What is an Adverb?

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An adverb is a word that tells us more about a verb. It “qualifies” or “modifies” a verb (The man ran quickly).

In the following examples, the adverb is in bold and the verb that it modifies is in italics.

  • John speaks loudly. (How does John speak?)
  • Afterwards she smoked a cigarette. (When did she smoke?)
  • Mary lives locally. (Where does Mary live?)
  • I was doing so well. (How were you doing?)

But adverbs can also modify adjectives (Tara is really beautiful), or even other adverbs (It works very well). Look at these examples:

  • Modify an adjective:
    – He is really handsome. (How handsome is he?)
    – That was extremely kind of you.
  • Modify another adverb:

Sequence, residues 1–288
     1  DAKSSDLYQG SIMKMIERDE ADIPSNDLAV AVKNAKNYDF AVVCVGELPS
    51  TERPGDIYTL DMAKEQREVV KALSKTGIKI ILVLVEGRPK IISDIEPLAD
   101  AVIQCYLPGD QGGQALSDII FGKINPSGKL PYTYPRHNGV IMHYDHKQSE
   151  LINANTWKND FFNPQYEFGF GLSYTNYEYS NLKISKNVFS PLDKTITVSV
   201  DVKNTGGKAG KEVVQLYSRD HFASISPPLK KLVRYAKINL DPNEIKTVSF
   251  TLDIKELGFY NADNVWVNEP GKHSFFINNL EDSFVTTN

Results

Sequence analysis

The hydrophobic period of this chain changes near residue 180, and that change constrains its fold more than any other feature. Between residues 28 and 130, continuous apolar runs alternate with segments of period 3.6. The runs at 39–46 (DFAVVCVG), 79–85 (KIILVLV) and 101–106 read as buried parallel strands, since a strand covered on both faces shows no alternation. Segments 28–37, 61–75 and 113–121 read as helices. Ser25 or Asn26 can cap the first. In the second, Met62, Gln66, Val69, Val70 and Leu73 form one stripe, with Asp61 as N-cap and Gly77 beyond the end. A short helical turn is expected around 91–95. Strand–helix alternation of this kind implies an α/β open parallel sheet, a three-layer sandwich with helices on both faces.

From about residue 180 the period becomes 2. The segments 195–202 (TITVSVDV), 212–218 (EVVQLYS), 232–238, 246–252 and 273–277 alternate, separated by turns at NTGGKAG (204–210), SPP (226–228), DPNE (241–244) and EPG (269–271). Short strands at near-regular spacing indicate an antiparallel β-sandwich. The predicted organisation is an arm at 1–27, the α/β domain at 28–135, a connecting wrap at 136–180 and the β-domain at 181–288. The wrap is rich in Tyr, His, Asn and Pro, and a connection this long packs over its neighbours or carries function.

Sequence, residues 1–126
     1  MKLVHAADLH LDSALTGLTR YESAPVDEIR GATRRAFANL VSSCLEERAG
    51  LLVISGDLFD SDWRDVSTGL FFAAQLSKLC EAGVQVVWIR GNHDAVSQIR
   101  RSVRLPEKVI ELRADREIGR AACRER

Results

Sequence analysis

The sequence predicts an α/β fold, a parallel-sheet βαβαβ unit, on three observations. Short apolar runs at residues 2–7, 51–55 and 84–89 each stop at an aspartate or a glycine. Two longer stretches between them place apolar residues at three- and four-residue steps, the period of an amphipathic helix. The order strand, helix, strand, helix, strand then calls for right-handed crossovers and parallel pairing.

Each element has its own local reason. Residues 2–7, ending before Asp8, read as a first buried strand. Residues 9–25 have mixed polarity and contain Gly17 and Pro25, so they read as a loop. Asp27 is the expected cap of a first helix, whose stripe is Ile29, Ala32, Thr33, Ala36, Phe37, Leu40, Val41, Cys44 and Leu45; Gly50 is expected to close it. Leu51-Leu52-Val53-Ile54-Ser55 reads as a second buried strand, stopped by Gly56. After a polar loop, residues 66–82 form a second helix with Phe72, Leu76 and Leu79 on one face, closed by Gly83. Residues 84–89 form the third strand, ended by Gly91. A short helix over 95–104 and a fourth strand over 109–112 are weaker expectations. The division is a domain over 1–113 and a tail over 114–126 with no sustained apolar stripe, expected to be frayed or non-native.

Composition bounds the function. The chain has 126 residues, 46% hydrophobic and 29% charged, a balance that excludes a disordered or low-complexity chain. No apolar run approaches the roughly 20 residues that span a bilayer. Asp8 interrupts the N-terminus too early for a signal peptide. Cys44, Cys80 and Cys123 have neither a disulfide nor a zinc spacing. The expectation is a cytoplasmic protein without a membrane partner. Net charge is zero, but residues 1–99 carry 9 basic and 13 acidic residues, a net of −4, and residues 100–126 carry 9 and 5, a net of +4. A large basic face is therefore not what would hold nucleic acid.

– She drives incredibly slowly. (How slowly does she drive?)
    – He drives extremely fast.
Note that adverbs have other functions, too. They can:

  • Modify a whole sentence: Obviously, I can’t know everything.
  • Modify a prepositional phrase: It’s immediately inside the door.

Would you like to take a QUIZ on ADVERBS? Then click the link!

http://www.englishclub.com/grammar/adverbs_quiz.htm

OverEasily

Adapted from http://www.englishclub.com/grammar/adverb-what.htm

2 thoughts on “What is an Adverb?

    1. Actually, Eduardo, in this case it’s “over easy”. Confusing? A bit. According to the Oxford English Dictionary, “over easy” is a 79-year-old idiom that works as an adjective. That means it’s modifying the noun “eggs”. Interesting, isn’t it?🙂

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